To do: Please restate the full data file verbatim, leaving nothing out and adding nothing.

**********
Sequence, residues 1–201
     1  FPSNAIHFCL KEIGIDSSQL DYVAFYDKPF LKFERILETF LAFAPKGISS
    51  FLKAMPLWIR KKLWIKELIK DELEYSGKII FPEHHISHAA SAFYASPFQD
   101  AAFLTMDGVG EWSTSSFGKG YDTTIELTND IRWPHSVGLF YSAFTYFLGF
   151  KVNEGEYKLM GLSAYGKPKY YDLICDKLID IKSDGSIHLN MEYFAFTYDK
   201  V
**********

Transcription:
Sequence, residues 1–201
     1  FPSNAIHFCL KEIGIDSSQL DYVAFYDKPF LKFERILETF LAFAPKGISS
    51  FLKAMPLWIR KKLWIKELIK DELEYSGKII FPEHHISHAA SAFYASPFQD
   101  AAFLTMDGVG EWSTSSFGKG YDTTIELTND IRWPHSVGLF YSAFTYFLGF
   151  KVNEGEYKLM GLSAYGKPKY YDLICDKLID IKSDGSIHLN MEYFAFTYDK
   201  V